Child Life Blog Banner (8)

Disability Pride Month at ACLP

Disability Pride Month

July is Disability Pride Month, and ACLP celebrates, accepts, and honors each person's uniqueness and sees it as an integral part of human diversity.  This is a time to recognize the unique perspectives and contributions of people with disabilities and to promote a society that embraces inclusion in all its forms and works towards an equitable future for disabled individuals.

Disability Pride Month also holds space to recognize that disability is a natural part of the human experience, break down stereotypes, and promote a more inclusive society where every individual is valued and respected. It highlights the need for equal rights and social change to address barriers disabled individuals face, such as discrimination, lack of accessibility, and stigma. 

Below are ACLP resources to help you mark Disability Pride Month and improve your competency in supporting patients and families with disabilities. 

Disability Resources from ACLP:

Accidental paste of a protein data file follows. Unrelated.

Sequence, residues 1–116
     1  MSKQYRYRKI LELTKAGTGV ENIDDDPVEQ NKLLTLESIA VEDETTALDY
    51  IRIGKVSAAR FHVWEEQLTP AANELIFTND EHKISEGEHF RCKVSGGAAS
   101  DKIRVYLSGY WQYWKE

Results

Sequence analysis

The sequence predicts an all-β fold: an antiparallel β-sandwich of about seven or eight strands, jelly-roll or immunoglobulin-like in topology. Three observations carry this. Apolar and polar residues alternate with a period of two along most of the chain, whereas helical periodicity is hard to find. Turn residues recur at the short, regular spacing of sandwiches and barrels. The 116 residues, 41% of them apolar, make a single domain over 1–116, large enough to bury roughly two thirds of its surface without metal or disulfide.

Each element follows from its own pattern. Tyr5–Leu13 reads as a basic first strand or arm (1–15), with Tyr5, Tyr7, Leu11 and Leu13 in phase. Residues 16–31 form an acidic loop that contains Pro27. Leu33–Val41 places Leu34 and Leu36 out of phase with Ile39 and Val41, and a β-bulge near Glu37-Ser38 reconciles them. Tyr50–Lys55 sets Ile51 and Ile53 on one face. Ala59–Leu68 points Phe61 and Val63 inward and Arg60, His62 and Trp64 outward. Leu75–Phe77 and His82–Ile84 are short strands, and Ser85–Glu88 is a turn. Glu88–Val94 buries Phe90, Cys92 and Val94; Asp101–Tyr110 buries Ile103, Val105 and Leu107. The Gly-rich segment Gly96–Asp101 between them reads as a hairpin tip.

ACLP Bulletin: Summer 2023
Supporting Autistic Child Life Students
Mary Ann Gill, MEd, CCLS
Monroe Carell Jr. Children’s Hospital at Vanderbilt 

"In exploring ways to meet the needs of autistic or otherwise neurodivergent child life students, ongoing research will certainly be helpful in building more empirical support for the above suggestions. However, for student supervisors and educators, the time to act is now."

ACLP Bulletin: Winter 2022

Increasing Autonomy in Health Care Decision Making for Children and Adolescents with Developmental Disabilities
Sarah Foster, B.S., Tufts University, Boston, MA
Graduate Student: Eliot-Pearson Department of Child Study and Human Development

"I hope the experiences I share inspire other professionals working with children and adolescents with developmental disabilities to explore their approaches to support decision-making autonomy as well."

ACLP Bulletin: Summer 2022
Increasing Access for Students with Different Abilities in Entry to the Child Life Profession

Rachel Rock, Child Life Intern
Mayo Clinic Children’s Center

"A move from a biomedical model to the social model of disability in academic and clinical programs could be a piece of the solution at greater representation. A social model of disability examines, what is not working in the environment for this individual to be successful. Rather than, what is not working with this individual?"

ACLP Bulletin: Fall 2020
Specialized Resources: Working with Nonverbal Children with Autism Spectrum Disorder
Michelle Badejo, CCLS
Children's Hospital of Philadelphia, Philadelphia, PA
ACLP Members earn 1.0 for each Journal of Child Life research article. 

Child Life Profession